- 25 March 2020: £1.8bn grants paid to local authorities in advance. This followed the Chancellor’s announcement of widespread exemption from business rates for 2020–21. Normally, business rates relief would be applied first, and local authorities would seek reimbursement after it had been applied.
- 1 April 2020: £12bn funding for business rates grants transferred to local authorities. These funds will be distributed under the Business Rates Grants schemes.
- 16 April 2020: Councils will be allowed to defer £2.6bn in business rates payments to central government from April to June 2020. This is in respect of the ‘central share’ of business rates.
- 16 April 2020: £850m in central government social care grants for both children and adults, from April to June 2020. This was paid up front in April.
- 18 April 2020: A second £1.6bn of additional funding for local government. This is to be distributed on a different basis from the funding announced on 19 March, with district councils receiving a considerably larger share of the 18 April funds.
- 2 May 2020: A further discretionary fund of £617m to be made available for grants to businesses that do not qualify for the Small Business Grant scheme and the retail grant scheme.
Richard Watts, chair of the Local Government Association’s Resources Board, said in May 2020 that “extra funding for councils will be helpful but they will need up to four times the funding they have been allocated by government so far”. He also warned that were the Government not to meet its commitment to give councils the resources they needed, some would face the prospect of a section 114 report. Section 114 of the Local Government Finance Act 1988 requires chief finance officers to report on a local authority’s budget where expenditure in a financial year is likely to exceed resources available to meet that expenditure. Several local mayors have suggested some councils could go “bust”.
Institute for Fiscal Studies analysis
The Institute for Fiscal Studies (IFS) has examined local authority revenue and financial resilience, and the extra funding that central government has made available this financial year. The report’s authors concluded the challenges for individual local authorities would vary, depending on their reliance on different revenue sources and the extent of their financial reserves and commitments.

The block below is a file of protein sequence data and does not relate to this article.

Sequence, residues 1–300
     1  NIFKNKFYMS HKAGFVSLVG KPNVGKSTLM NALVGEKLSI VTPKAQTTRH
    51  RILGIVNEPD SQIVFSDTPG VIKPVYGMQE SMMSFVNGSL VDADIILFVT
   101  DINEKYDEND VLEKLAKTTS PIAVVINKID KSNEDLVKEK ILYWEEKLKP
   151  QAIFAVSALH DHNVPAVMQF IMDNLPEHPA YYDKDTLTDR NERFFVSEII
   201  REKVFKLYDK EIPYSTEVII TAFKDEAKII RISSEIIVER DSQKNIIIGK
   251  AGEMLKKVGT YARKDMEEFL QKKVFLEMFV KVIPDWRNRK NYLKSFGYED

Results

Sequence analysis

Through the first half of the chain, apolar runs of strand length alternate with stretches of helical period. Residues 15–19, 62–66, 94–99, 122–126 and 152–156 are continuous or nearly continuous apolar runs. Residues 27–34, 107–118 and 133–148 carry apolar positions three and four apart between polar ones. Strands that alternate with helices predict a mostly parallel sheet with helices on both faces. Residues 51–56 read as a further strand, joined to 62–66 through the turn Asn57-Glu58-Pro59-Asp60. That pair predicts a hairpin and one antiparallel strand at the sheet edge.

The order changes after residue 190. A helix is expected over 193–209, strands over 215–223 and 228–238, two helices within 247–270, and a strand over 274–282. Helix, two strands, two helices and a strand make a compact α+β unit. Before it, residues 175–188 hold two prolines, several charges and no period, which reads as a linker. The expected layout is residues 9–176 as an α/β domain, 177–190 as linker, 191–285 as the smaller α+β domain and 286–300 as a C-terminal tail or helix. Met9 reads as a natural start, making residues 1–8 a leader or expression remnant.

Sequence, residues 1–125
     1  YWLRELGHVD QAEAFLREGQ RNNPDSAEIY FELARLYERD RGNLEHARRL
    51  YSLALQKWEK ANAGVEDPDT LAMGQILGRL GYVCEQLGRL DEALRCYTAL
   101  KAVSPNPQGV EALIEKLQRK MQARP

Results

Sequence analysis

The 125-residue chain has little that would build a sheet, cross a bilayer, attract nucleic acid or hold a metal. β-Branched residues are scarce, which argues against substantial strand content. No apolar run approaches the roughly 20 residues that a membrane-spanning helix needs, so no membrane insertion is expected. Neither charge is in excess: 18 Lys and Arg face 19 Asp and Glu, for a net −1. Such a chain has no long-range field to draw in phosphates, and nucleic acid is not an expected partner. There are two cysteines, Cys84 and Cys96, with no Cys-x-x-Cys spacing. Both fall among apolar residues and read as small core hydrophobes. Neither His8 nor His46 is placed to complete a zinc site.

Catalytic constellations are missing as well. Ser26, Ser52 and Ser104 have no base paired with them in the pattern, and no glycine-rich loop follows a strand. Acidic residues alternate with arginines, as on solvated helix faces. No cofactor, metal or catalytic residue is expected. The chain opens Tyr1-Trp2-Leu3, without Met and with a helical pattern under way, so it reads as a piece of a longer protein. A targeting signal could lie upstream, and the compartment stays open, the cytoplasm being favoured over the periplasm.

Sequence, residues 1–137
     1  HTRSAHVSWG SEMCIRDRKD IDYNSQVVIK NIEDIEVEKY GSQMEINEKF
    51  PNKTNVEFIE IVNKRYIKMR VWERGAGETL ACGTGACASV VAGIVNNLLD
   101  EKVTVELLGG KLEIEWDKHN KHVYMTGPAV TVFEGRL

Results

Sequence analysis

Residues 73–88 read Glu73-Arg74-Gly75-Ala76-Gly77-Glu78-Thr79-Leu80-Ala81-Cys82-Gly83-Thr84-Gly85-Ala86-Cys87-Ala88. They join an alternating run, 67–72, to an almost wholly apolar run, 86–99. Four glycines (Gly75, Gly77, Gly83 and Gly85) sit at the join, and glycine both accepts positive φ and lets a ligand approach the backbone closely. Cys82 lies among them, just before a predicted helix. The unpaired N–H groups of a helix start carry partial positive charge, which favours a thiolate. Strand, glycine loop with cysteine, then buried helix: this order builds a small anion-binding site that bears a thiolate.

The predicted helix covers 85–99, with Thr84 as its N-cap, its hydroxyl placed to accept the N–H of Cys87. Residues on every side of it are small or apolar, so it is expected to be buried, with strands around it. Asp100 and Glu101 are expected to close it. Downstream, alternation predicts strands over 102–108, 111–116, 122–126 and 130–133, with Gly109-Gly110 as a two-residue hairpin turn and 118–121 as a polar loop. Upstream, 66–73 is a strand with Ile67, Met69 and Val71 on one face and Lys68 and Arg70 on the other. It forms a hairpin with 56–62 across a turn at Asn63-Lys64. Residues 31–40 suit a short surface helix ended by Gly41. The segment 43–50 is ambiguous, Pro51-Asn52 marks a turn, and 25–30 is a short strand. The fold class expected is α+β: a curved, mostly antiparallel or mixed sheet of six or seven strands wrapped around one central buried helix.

Income and spending factors would influence each LA’s individual financial risk and resilience. For example, local authorities serving more affluent communities, and especially shire districts, appear to be exposed to greater revenue risks. This was because such authorities are more reliant on local taxes and sales, fees and charges than on central government grants. On the other hand, local authorities serving more deprived communities could see increases in service needs and challenges if the coronavirus crisis hits individuals and families already suffering disadvantage harder. These effects could be long lasting. The IFS report recommended that these patterns should be borne in mind by the Government were it to allocate further funding to local authorities.
Responding to the IFS report, the LGA’s Richard Watts argued that “further funding and financial flexibilities” were needed to help councils meet their shortfalls. He called on the Government to bring forward its comprehensive plan to address the ongoing financial challenges councils face this financial year as soon as possible, arguing that “this is vital if councils are to avoid taking measures, such as in-year cuts to local services, to cope with funding shortfalls and meet the legal duty to balance their budgets”.
- House of Commons Library, Business Rates, 19 December 2018